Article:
Episode 34

Posted on Monday, Jun 3, 2019
This week we look at security updates for Keepalived, Corosync, GnuTLS, libseccomp and more, plus we talk insider threats with Joe McManus.

Show Notes


This week we look at security updates for Keepalived, Corosync, GnuTLS, libseccomp and more, plus we talk insider threats with Joe McManus.

This week in Ubuntu Security Updates

32 unique CVEs addressed

[USN-3976-3, USN-3976-4] Samba regression

  • Affecting Trusty ESM, Xenial, Bionic
  • Episode 32 - discussed privilege escalation vuln and fix for Samba
  • Original update caused a regression where Samba might crash - fixed

[USN-3994-1] gnome-desktop vulnerability

  • 1 CVEs addressed in Bionic, Cosmic, Disco
  • Thumbnailers could possibly escape bubblewrap sandbox by using TIOCSTI ioctl to send characters to the controlling terminals input buffer and hence escape the sandbox
    • Requires to compromise a thumbnailer in the first place so less impact
    • Similar to CVE-2019-10063 for flatpak and CVE-2019-7303 for snapd

[USN-3995-1, USN-3995-2] Keepalived vulnerability

  • 1 CVEs addressed in Precise ESM, Trusty ESM, Xenial, Bionic, Cosmic
  • Heap based buffer overflow when parsing HTTP response code - would potentially write an unlimited amount of attacker controlled data to the heap for a 10-byte long buffer
  • Crash -> DoS, RCE
  • Fixed to properly parse and expect at most a 3 digit long response code

[USN-3845-2] FreeRDP vulnerabilities

[USN-3997-1] Thunderbird vulnerabilities

[USN-3996-1] GNU Screen vulnerability

  • 1 CVEs addressed in Precise ESM, Trusty ESM
  • Old low priority issue fixed for ESM releases (fixed back in 2015 upstream so screen in Xenial, Bionic etc not affected)
  • Attacker could cause a crash due to stack overrun via recursion due to large number of repeated ANSI escape sequences in output

[USN-3968-2] Sudo vulnerability

[USN-3998-1] Evolution Data Server vulnerability

  • 1 CVEs addressed in Xenial, Bionic
  • Research from Marcus Brinkmann showed it was possible to create an encrypted email with a zero-length encrypted section along with unencrypted contents which Evolution (and other email clients) would show as being encrypted.
  • Mail clients call out to gpg (gnupg) to decrypt the email but are lax in parsing GPGs output and so confuse the whole email as being encrypted
  • Due to SW arch of evolution, part of this fix is done in Evolution itself (to better highlight to the user that the email contains unencrypted portions) and part is done in the backend (Evolution Data Server) to properly parse output of gnupg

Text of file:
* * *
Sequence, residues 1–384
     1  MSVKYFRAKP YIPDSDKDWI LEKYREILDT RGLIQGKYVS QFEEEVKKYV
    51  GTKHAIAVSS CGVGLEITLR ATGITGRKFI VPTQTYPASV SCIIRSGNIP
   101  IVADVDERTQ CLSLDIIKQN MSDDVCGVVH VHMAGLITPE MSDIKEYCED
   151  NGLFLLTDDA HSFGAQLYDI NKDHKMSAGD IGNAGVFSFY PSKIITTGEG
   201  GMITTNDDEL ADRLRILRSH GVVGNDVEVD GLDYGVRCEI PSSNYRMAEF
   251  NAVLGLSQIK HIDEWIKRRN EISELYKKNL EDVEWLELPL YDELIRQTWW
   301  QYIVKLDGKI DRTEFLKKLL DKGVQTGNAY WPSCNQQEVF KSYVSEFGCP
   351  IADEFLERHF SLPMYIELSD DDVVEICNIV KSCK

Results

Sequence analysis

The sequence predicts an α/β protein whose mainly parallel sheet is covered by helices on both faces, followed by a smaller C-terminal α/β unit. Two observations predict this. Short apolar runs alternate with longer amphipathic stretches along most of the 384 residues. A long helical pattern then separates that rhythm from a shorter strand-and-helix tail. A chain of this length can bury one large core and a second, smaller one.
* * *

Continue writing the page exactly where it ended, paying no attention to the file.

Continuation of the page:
[USN-3999-1] GnuTLS vulnerabilities

  • 5 CVEs addressed in Xenial, Bionic, Cosmic, Disco
  • 3 CVEs related to “Lucky Thirteen” attack (originally published in 2013)
    • Timing attack against TLS implementations that use CBC
    • One countermeasure was to use “psuedo constant time”
    • New research showed this is not sufficient (incidentally one of the researchers was Adi Shamir, co-inventor of the RSA algorithm - the “S” in RSA)
  • 1 CVE from Tavis Ormandy (double-free when handling X.509 certificates) - crash -> DoS, code execution
  • Last CVE - uninitialized pointer could be dereferenced when handling certain post-handshake messages - likely crash -> DoS

[USN-4000-1] Corosync vulnerability

  • 1 CVEs addressed in Xenial, Bionic
  • Integer overflow leading to a buffer overflow (read), able to be triggered by an unauthenticated user - crash -> DoS

[USN-4001-1, USN-4001-2] libseccomp vulnerability

  • 1 CVEs addressed in Trusty ESM, Xenial, Bionic, Cosmic, Disco
  • Seccomp allows to write policies to act on system calls arguments via BPF - includes comparison operators like less than (LT) etc - Jann Horn discovered that on 64-bit platforms it did not generate correct BPF to perform comparisons correctly
  • In this case, the updates from upstream relied on other upstream changes so we chose to upgrade seccomp entirely rather than try and backport the fixes as they were too involved and so less risk overall in upgrading the version than in backporting

Goings on in Ubuntu Security Community

Alex and Joe talk about insider threats


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